“Tetna Shot” begs to be turned up. The first song on the album, I guarantee you cannot listen to this song all the way through without adjusting the volume on your stereo. Before long you will find yourself screaming and grooving to these musicians’ incredibly involved blend of fervent vocals and heavy rock music. “Mouthful” displays these guys’ extraordinary expertise. My favorite song, it had a powerful guitar piece at the beginning and ended with an explosive vocal and drum section. The last song on the album “Shitfaced” is a nice little ditty. This song is one that will get stuck in your head for days, but you won’t mind because you like it so much. It starts out calm and slow, then turns the energy up and comes at you full of force. So, go buy this album, make sure your neighbors aren’t around, turn the volume up, and rock ‘n roll.

-Misty Sweet

Guff : Engine Trouble : Go-Kart Records (2003)

Any track from this band’s first full length could be the senior song for graduating high school students across the globe. To me, this is not an admirable trait for up and coming bands. But neither is the fact that watered down pop-punk and crybaby lyrics are what all the kiddies are clinging to these days (see MTV, the mall or just open your friggin’ eyes)!

Hailing from Athens, Georgia, it is notable that Guff has committed to the DIY tactics of constant touring with bands like the Mighty Mighty Bosstones, Flogging Molly and local pop-punk favorites Dynamite Boy. This kind of work ethic may merit respect, but not adoration.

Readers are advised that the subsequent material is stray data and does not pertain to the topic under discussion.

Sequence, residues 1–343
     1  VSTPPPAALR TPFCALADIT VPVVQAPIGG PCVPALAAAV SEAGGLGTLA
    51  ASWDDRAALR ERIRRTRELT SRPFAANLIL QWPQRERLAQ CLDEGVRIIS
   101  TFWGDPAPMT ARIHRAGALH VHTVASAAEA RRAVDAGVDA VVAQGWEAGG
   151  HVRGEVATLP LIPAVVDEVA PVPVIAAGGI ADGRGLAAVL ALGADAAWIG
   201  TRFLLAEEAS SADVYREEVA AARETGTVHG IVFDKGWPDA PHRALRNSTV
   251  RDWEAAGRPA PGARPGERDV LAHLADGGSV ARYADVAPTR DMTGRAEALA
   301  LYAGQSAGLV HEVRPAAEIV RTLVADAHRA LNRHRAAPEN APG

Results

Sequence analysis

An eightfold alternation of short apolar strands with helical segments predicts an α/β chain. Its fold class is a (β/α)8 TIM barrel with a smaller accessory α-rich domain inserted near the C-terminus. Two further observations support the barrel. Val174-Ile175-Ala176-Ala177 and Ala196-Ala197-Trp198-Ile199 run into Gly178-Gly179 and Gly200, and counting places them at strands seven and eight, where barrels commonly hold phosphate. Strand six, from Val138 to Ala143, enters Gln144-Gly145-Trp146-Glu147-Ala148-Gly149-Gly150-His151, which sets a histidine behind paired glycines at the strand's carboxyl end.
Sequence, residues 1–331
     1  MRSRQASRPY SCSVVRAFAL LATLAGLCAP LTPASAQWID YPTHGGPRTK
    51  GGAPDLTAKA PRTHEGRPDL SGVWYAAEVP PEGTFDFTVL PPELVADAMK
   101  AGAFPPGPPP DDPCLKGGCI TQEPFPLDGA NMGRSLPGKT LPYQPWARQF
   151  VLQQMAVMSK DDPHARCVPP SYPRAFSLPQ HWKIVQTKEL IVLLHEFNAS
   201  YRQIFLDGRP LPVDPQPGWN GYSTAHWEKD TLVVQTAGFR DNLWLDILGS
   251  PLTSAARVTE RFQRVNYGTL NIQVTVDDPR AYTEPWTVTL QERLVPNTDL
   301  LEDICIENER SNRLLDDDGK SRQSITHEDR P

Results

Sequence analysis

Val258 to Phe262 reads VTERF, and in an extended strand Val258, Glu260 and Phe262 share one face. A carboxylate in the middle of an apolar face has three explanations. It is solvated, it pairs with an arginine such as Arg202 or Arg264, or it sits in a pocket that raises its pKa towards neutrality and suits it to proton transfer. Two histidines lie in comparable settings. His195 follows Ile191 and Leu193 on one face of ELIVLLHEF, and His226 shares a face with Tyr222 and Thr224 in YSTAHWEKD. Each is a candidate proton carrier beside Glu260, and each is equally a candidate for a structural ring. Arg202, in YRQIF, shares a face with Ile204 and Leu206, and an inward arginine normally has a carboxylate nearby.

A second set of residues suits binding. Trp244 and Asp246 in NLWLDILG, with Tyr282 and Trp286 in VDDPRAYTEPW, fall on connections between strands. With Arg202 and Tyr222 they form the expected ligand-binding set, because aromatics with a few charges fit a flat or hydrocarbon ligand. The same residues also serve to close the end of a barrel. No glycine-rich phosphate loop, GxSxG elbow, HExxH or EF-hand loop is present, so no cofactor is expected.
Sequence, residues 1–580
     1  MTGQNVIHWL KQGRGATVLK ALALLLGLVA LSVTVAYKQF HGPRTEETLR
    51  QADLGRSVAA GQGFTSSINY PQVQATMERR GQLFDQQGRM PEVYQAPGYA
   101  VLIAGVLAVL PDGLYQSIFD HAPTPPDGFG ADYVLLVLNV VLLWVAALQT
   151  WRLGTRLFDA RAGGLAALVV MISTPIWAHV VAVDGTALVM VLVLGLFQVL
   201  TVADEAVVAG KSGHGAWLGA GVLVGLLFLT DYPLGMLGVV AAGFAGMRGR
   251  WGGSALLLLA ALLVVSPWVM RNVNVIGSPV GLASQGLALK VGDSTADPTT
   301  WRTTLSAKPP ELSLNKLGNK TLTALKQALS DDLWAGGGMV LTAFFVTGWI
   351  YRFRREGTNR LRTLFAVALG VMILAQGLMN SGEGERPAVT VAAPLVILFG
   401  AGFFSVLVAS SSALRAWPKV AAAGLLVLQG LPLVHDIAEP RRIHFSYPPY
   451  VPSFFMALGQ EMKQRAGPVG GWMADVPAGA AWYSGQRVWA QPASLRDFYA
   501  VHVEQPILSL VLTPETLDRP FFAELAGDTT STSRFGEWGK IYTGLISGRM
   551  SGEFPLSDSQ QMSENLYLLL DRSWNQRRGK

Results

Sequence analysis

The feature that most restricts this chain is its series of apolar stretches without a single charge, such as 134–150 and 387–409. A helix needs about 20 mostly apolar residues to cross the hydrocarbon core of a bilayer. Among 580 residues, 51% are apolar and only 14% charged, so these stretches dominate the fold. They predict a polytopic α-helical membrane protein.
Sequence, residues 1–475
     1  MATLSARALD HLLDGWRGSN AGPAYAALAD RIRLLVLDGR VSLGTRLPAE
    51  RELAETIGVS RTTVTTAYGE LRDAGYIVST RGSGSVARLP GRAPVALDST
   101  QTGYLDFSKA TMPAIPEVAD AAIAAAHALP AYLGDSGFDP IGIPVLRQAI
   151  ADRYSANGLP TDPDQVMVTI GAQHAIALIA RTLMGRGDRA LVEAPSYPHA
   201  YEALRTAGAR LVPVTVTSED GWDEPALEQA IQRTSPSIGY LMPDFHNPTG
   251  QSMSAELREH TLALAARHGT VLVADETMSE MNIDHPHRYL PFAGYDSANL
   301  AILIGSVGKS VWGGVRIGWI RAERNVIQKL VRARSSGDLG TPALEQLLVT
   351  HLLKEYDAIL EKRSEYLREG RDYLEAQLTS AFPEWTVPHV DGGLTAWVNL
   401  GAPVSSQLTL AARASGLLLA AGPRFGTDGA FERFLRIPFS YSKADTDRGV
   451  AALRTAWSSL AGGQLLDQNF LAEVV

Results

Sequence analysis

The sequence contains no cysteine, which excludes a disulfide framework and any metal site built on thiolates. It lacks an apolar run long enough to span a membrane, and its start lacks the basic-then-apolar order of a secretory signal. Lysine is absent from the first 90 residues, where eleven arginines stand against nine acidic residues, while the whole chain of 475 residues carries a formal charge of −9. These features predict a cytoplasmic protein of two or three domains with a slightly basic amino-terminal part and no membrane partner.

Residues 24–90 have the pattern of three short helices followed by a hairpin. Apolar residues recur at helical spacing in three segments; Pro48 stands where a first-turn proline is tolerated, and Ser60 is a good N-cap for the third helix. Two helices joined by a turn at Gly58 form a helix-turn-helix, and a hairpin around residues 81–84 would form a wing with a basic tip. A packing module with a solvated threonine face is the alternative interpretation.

Guff’s sound is repetitive, with built-up power riffs that break into frantic start and stop drum progressions with punk fashioned axe shreds and boring “I can’t sing so I’ll whine for you’’ vocals. This kind of music is not original which forces me to search for some kind of humor or goodness within the lyrics.

However, I myself enjoy artistic phrasing that scratches more off the surface than “what do you think the word love meant…’’ or “…when kids make fun of you at school,’’ but hey, I’m not the one who will be buying a Guff record. On the contrary, all the emo youngsters should be bobbing their spiked-hair heads to this bubble gum punk with a box of tissues nearby.


Spark of Life : Promises Made, Promises Kept : Lorelei Records (2003)

Spark of Life is another radio-friendly screamo band. There has been a disturbing influx of melodic outfits that have vocally incorporated elements of hardcore into their pseudo-punk or post-punk sound over the last five years. However, this particular So-Cal four-piece does a respectable job putting their product together despite lacking originality.

From the opening track “From Ash Rises Hope,’’ the band lays down thick harmonies behind desperate yet hopeful screams and yells before an infectious bass line takes over the song, making it somewhat unique. On “Welcome Home Relax and Slow Down,’’ the band manages to effectively squeeze in a catchy piano riff as the lead vocalist pleas for having “…confidence as evidence.’’

Meanwhile, the album falls short through its lack of creativity and the progression of repeated heavy licks combined with sub-par vocals like “…Its not fair that you still take from me, I fall down again.’’ The start and stop drum formula attached to crunchy riffs are delivered in bulk and have been the recipe for a plethora of hard rock outfits as of late.

Overall, the full length comes off sounding clear and well–produced, but definitely not new or refreshing. If bands like Thrice, Atreyu or From Autumn to Ashes float your boat, then Spark of Life might tickle your fancy too.